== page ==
Joan Maloof is the founder and co-executive director of the Old-Growth Forest Network, a 10-year-old national nonprofit that has identified and protected 165 old-growth forests across the U.S.
On Earth Day, President Biden signed an executive order declaring the nation’s oldest and largest trees worthy of federal protection. His order directed the creation of a national inventory of mature and old-growth forests on federal land, recognizing they are an essential climate solution. The results of this survey are due by Earth Day 2023.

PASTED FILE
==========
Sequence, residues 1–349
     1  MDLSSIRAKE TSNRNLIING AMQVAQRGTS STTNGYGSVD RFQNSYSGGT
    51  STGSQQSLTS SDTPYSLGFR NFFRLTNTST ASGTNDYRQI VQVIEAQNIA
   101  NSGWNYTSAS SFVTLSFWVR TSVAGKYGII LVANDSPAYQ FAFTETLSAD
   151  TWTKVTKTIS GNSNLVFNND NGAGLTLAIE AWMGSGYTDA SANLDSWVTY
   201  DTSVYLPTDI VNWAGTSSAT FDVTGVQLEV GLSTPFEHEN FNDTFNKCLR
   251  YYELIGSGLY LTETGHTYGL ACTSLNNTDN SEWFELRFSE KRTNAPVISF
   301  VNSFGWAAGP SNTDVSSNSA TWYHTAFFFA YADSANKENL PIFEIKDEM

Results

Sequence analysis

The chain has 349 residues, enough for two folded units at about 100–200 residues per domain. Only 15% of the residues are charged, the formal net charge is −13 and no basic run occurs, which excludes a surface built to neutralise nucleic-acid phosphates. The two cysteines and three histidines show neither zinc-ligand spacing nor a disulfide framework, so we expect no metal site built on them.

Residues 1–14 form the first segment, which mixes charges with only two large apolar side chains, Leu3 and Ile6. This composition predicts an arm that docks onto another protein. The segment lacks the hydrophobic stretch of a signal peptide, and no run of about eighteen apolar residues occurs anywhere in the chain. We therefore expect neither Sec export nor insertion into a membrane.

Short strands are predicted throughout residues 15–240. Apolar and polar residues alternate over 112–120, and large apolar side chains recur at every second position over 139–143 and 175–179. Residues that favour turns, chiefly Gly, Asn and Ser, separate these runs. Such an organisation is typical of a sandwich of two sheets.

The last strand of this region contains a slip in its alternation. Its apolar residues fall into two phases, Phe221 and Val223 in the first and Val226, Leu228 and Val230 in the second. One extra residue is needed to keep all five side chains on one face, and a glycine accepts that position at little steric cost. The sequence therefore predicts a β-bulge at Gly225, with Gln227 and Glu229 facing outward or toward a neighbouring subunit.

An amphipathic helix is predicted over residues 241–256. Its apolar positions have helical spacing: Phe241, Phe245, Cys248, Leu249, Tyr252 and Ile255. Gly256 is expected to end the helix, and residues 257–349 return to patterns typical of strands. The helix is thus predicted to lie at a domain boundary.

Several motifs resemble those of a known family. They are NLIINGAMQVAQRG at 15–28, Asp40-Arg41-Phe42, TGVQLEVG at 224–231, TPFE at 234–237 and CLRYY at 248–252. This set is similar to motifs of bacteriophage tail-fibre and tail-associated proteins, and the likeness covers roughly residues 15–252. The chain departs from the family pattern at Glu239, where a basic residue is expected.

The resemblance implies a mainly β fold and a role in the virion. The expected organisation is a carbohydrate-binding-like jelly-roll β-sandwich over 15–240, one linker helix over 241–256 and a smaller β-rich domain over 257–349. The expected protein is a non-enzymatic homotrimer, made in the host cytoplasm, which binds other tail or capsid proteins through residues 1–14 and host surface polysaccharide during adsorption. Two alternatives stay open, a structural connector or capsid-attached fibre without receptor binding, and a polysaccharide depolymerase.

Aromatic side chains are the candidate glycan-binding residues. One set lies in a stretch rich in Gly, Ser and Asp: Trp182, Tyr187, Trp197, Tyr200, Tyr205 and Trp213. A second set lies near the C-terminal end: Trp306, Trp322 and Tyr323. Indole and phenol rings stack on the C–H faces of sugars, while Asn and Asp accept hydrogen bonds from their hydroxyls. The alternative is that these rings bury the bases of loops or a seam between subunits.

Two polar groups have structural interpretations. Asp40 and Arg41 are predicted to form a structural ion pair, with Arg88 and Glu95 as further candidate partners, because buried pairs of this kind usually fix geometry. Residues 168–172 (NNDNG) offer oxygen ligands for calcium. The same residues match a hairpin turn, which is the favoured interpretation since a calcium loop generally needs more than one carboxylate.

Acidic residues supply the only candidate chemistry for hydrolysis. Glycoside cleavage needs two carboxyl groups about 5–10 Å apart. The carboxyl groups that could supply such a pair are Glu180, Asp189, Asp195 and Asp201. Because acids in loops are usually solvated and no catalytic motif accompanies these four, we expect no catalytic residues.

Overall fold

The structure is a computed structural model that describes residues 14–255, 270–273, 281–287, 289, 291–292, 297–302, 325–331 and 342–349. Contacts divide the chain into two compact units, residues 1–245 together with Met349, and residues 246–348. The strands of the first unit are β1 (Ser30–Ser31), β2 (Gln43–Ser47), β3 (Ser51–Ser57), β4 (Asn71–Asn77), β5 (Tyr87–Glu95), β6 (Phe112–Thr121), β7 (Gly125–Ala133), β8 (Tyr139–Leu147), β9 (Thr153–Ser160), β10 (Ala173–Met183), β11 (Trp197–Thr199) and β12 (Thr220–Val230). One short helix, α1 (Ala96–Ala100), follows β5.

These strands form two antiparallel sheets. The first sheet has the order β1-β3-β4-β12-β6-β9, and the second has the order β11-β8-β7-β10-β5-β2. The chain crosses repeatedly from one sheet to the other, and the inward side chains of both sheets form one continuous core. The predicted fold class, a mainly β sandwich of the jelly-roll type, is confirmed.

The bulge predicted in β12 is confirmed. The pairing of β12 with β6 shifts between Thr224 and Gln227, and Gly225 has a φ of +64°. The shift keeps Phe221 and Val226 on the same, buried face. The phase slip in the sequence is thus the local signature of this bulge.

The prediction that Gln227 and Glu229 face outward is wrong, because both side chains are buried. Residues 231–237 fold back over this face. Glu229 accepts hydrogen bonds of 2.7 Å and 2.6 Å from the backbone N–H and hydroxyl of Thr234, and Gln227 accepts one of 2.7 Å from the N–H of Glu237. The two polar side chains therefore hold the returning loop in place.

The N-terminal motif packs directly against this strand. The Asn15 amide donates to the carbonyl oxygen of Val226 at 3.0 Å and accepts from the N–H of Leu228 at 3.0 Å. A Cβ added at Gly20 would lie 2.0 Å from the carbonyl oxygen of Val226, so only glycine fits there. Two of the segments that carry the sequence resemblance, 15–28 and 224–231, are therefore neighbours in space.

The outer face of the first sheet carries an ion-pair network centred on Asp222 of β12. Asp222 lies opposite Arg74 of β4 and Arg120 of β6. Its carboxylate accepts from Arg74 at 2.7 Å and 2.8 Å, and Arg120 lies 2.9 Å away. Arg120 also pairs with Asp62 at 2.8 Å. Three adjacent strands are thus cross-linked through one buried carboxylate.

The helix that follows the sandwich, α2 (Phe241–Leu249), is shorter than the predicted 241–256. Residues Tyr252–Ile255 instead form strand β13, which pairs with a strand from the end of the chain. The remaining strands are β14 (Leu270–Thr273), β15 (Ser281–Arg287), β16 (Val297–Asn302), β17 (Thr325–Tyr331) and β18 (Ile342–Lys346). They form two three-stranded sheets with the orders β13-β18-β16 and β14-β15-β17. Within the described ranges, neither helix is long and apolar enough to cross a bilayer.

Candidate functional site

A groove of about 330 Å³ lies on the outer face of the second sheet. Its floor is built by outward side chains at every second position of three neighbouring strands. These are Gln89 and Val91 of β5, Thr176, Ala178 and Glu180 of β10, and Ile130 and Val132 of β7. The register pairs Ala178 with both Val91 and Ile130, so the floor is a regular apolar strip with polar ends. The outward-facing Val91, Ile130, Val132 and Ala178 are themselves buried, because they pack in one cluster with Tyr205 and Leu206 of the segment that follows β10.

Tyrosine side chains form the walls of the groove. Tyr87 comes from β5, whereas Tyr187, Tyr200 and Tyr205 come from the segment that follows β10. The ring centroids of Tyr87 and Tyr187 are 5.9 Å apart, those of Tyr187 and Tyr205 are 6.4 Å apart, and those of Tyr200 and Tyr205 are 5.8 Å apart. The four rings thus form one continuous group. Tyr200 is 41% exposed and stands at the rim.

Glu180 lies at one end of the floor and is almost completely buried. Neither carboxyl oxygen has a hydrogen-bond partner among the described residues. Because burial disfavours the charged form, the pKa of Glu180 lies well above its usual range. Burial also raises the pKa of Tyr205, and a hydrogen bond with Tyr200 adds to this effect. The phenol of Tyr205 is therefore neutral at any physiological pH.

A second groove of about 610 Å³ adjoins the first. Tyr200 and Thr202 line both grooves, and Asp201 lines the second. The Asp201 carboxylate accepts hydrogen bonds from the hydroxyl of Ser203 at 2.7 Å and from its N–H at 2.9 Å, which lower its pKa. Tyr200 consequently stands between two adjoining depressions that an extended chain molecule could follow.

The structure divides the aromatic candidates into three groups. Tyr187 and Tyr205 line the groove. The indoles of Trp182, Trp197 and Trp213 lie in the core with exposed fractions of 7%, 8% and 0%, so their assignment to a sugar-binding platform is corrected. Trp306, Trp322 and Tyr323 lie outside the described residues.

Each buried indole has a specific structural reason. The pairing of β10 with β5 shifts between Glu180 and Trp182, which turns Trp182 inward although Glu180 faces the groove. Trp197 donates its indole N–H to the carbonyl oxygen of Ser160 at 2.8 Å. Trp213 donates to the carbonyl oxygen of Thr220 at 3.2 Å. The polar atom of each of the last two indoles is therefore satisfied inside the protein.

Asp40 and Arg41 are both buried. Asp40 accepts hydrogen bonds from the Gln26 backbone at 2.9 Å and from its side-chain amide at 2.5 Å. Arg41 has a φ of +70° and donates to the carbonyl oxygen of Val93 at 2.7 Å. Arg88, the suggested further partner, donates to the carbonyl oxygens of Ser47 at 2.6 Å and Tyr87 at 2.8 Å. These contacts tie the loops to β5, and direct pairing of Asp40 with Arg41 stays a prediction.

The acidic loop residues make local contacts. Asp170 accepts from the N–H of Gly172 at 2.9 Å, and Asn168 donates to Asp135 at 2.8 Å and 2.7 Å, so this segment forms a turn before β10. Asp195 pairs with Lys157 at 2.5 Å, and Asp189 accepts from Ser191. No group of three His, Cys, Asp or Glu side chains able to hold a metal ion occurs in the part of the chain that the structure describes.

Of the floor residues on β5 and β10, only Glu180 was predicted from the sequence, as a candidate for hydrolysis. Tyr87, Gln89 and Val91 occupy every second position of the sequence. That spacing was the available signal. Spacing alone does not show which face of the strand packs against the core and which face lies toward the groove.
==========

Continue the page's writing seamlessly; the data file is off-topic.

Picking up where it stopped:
Yet the U.S. Forest Service and the Bureau of Land Management — the very agencies charged with conducting the inventory — continue contracting with a timber industry that hires loggers to cut these invaluable trees. Bigger trees bring bigger profits. These two agencies manage roughly 250 million acres of land. According to a new report by the Climate-Forests Coalition, a group of more than 100 environmental nonprofits of which my organization is a member, ongoing logging projects threaten 240,000 acres of mature and old-growth trees on federal land: These trees are at risk despite Biden’s exec... Read more